Elise Wootten’s practice reflects an interest in the nature of photogra-phy, the visual and physical flatness of the print, and the perspective determined by the lens. Embracing these characteristics to create illusion and taking advantage of photography’s seeming veracity. Almost sculpture, almost collage the photographs have a physical quality that play with the viewers understanding of the image. The work uses photography not only as medium but as subject.
Tom Faber. After graduating from Chelsea College of Arts, Faber has exhibited nationally and internationally. In 2019 he had his first solo exhibition Quarry at the Ionion Center for the Arts and Culture in Kefalonia,Greece. He was awarded a place on the UK New Artists and Platform Nord programme – United and worked with musicians to create ani-mations for a live audio-visual performance of Winterreise at The Loco Klub in Bristol. Faber has recently exhibited at Art Athina 2020 (AthensArt Fair), Video Fenster Cologne (2021), and at the UK New Artists City Takeover in Leicester (2022). He has also shown with the new artist platform Kovet.art at Photo London, Somerset House and CADAF Paris2021. He is currently based in London.
Carol Kagezi, a multi-disciplinary artist whose work explores the evolving self. Through Kegazi’s work, she uses collage to interrogate the complexities of black Africanness, Oneness, and Order. This body of work is a product of her quest to find her identity.
Lidiya Zelkelidiya Zelke is mixed media artist from Addis Ababa, Ethiopia. She has been working with different organisations as a creative director and graphic designer. Her artwork usually tells stories of inner feelings, how it reveals and creates layers of ourselves, every experience , sense of anticipation , loneliness and how it cracks and pushes us throughout our journey of life by changing us irreversibly without even sensing it. Zelke’s works speaks from inner feelings and identities as human being. She has been participating in different local and international exhibitions and her work is published in various magazines including Fèroce Magazine Uk, En Vie Magazine, Picton Magazine and Vogue Italy Online.
Canon Rumanzi is a mixed media artist working with photography, painting and moving image. Rumanzi’s work surrounds ideas of language, power and materiality. Concerned with ambiguity and story-telling of the image, Rumanzi explores various future possibilities. In collaboration with Andrea Stultiens, Rumanzi founded the digital platform History In Progress Uganda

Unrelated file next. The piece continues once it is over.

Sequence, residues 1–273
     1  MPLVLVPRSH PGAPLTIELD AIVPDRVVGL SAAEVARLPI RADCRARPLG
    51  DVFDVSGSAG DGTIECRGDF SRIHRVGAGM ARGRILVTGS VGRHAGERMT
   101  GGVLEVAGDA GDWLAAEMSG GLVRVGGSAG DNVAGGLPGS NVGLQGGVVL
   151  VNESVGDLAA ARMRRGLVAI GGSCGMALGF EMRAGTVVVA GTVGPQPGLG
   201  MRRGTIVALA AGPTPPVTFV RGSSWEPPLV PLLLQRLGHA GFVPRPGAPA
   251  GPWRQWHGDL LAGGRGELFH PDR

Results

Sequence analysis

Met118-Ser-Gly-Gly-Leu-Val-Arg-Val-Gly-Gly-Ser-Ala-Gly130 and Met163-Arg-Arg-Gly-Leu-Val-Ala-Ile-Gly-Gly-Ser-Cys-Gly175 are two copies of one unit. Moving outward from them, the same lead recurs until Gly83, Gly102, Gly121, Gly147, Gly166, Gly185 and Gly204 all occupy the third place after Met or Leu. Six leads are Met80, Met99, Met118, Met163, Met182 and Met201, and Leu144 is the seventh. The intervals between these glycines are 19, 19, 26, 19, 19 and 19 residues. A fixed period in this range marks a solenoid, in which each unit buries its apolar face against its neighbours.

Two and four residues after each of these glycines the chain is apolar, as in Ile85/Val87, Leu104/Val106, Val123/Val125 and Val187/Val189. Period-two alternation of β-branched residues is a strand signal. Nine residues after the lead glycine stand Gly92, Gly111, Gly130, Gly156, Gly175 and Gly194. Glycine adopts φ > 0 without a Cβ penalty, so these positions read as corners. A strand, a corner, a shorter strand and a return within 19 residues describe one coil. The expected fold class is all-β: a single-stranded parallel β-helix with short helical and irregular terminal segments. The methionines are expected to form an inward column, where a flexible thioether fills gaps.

Margaret Njeri Ngigi is an artist and photographer/filmmaker. Based in Kenya, she is currently pursuing her Bachelor Degree in Film Production and Directing at United States International University of Africa. Njeri Ngigi has been nominated for awards such as Photo London Emerging Photographer of The Year and has exhibited with Photo Basel and worked with galleries such as AKKA project Dubai and Venice. Women have been, and continue to be the center of most of her projects such as Murky Waters and Mke Mwema. Her environment has always been a source of inspiration for her and by taking images of women, she makes an image of herself and tries to bringing these issues affecting women to the limelight.
Brook Getachew is a lens-based visual artist working with mediated processes and memory reflecting upon personal experience and the subconscious. Brooks’ work engages with ideas of expressionism, emotion and the self indicating process as the work itself whilst taking an experimental, almost impulsive yet controlled, and reserved approach to the work. His practice is grounded in concepts of belief and observation finding ways to collect and incorporate everyday scenes, patterns, and objects into his canvas.
Felicity Hammond received an MA in Photography from the Royal College of Art in London in 2014 and a PhD in Contemporary Art Research from Kingston University in 2021. Alongside solo exhibitions at C/O Berlin, Kunsthal Extra City Antwerp and Contact Gallery Toronto, she has exhibited her work in international group shows at Photographers’ Gallery (2018), Fotomuseum Winterthur (2017), Tate Modern (2016), and FOAM Amsterdam (2016), among others. Her work has been nominated for a number of awards, most recently the Deutsche Börse Photography Foundation Prize (longlist,2019). She has been awarded the Lumen Art Prize (2018), FOAM Talent (2016), and the British Journal of Photography International Photography Award (single image winner, 2016). Hammond’s first book, Property, was published in 2019 by Self Publish, Be Happy. She lives and works in London.
Kipya Ki? is supported by the British Council Cultural Exchange programme, which funds cultural organisations, festivals, artists, and creatives between the countries of Sub Saharan Africa and the UK to create art, build networks, collaborate and develop markets and share artists’ work with audiences.